What carrot soup needs is just a hint of dairy fat, in the form of butter, to amp up the flavor of an aromatic onion saute. From there, we bring on the carrots, soup stock, and a handful of rice for luscious texture. Finish with a sprinkle of orange zest, a generous pour of fresh orange juice, and a splash of white wine, and there you have it: the perfect carrot soup and not a drop of cream in sight. But don’t skip the butter: it provides just the right amount of richness at a bargain price for your wallet and your waistline. For those of you who are math- or calorie-counting-inclined, each big bowl of soup (with my ladling, I get four servings) has just under three grams of fat from the butter. Like I said, bargain! Especially for a soup this tasty.

And so I wait, with carrot soup for company, until pumpkins make their bright debut. At least I know I’ll be well-fed. Maybe this waiting business isn’t so bad after all.

The Perfect Carrot Soup
Adapted loosely from “Carrot-Orange Soup with a Toasted Cashew Garnish” in Soup and Bread by Crescent Dragonwagon
Makes 4 large bowls of soup

Oh, how many hours have I spent with Soup and Bread, lounging on the couch reading from it or scurrying around the kitchen cooking from it! It is one of the best cooking investments I have made. Have you picked up your copy yet?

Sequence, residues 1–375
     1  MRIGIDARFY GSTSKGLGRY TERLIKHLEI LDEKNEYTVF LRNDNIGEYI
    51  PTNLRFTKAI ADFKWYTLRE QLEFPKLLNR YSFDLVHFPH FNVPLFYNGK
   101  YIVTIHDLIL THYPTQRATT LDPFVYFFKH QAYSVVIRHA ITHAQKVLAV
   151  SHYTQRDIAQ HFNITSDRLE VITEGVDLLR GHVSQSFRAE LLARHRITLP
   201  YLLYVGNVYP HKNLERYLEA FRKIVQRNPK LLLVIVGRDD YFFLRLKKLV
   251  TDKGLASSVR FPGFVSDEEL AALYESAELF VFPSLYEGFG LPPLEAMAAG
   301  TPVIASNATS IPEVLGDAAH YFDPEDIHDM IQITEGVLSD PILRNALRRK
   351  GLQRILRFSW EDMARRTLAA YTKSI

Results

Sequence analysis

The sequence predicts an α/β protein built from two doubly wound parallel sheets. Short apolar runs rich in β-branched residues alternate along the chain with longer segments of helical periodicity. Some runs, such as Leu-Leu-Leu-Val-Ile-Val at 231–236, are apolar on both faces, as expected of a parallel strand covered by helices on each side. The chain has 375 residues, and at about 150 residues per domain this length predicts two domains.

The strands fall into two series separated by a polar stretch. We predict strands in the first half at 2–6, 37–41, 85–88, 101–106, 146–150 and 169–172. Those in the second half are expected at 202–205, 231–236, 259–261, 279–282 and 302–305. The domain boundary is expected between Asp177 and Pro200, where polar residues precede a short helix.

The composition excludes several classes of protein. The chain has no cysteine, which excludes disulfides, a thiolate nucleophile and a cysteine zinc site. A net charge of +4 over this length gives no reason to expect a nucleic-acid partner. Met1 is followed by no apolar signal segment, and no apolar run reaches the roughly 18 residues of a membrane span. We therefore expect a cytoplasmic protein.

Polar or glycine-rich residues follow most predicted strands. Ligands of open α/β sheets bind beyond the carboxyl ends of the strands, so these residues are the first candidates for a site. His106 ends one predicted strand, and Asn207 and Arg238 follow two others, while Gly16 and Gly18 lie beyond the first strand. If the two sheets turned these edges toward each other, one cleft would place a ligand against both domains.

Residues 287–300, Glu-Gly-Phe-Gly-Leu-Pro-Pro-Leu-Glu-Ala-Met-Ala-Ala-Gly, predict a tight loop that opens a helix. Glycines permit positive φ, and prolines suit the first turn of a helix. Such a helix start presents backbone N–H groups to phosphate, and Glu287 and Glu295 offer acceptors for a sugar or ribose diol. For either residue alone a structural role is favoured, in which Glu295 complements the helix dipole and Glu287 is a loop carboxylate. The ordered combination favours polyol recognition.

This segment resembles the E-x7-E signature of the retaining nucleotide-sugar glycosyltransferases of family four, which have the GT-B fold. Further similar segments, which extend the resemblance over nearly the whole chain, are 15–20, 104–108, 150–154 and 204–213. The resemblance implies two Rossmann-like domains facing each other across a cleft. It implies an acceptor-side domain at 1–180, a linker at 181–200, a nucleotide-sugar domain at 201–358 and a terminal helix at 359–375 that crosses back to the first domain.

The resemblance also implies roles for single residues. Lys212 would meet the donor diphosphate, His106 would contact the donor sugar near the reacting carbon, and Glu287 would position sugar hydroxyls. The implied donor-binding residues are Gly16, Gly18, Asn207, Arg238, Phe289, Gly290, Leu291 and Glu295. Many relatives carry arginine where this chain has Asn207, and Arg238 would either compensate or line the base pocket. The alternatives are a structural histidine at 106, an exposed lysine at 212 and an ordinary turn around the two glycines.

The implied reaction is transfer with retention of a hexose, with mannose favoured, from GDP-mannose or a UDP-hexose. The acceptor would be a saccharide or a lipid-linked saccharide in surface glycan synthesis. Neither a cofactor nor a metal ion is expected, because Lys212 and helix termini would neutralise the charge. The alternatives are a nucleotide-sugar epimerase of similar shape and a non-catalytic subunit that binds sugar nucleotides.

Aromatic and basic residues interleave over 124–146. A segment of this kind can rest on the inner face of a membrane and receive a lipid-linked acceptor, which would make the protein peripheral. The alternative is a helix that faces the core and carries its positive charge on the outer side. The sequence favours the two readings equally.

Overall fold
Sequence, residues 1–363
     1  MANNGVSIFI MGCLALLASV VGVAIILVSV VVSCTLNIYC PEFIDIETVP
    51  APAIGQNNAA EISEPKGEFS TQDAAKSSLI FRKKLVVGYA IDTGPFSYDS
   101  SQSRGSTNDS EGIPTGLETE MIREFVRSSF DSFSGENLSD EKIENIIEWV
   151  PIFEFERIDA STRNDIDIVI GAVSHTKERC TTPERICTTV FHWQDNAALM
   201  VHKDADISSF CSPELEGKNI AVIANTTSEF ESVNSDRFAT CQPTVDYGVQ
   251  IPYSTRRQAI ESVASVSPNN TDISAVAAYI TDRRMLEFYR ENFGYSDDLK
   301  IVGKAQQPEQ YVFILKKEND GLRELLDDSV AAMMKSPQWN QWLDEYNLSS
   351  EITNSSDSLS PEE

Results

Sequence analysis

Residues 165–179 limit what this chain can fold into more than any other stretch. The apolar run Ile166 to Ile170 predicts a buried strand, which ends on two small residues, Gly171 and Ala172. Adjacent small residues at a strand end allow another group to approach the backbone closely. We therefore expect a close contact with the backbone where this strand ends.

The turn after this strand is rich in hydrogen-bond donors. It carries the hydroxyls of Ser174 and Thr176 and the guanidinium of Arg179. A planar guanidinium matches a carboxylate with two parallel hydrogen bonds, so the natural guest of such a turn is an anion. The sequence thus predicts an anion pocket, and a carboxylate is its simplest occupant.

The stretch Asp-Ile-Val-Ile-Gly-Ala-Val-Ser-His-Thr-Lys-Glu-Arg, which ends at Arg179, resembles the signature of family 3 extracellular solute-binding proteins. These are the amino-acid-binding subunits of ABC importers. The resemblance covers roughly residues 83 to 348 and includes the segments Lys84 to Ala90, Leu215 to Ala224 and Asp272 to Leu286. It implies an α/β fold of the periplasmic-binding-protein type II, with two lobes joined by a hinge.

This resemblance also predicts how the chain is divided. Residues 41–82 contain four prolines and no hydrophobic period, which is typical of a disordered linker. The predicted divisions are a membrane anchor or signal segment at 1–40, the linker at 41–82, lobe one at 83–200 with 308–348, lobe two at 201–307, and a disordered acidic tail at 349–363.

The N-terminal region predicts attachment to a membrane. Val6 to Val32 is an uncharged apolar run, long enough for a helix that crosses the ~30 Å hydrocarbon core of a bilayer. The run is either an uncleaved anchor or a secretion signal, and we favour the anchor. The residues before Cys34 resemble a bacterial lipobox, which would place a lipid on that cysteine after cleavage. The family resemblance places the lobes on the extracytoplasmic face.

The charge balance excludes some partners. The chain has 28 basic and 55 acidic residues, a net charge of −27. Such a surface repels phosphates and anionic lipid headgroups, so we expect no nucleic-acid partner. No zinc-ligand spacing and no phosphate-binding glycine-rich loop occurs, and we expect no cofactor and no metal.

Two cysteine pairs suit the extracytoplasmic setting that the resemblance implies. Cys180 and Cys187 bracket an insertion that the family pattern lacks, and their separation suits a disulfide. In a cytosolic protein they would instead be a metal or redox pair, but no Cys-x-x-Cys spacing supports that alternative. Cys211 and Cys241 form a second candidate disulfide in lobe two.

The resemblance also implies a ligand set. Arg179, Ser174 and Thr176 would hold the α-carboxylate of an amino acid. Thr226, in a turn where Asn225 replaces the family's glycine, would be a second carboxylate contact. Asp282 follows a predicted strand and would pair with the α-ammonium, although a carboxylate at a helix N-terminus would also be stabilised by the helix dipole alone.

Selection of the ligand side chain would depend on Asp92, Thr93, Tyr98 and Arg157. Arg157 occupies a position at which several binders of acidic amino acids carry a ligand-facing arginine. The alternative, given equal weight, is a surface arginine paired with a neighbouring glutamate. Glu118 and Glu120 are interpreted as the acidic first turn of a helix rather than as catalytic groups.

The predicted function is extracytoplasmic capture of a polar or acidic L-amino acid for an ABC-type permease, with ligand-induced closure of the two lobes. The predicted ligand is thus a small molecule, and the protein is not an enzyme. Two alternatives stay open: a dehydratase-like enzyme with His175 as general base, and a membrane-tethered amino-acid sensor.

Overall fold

But I must confess: I never did make this soup’s predecessor as Crescent instructs. Why not? I suppose it’s because when I first found the recipe, I feared heavy cream would make me plump. Now, five years into graduate school, a little plumping might do me some good, but it’s too late: I like my version of this soup, which is similar to the original, ingredient-wise, but nonetheless has deviated quite a bit. The harmony of subtle flavors here is truly wonderful. This soup is delicious hot or cold and I think it would be a lovely picnic soup—perhaps a good choice for an Equinox evening outside?

1 tbsp. butter
1 large onion, chopped
6-7 medium to large carrots, ends chopped off, peeled, and chopped into rounds or “coins” (you’ll want about 3 cups of carrot coins)
2 tbsp. white rice (I use jasmine rice)
3-4 cups* mild, very tasty vegetable stock**
1 generous tsp. freshly grated orange zest
Juice of one orange (about 1/2 cup)
2 tbsp. dry white wine
Salt to taste

1) Melt the butter in a large skillet over medium heat. Add the onion and saute for several minutes until it starts to soften and become very fragrant.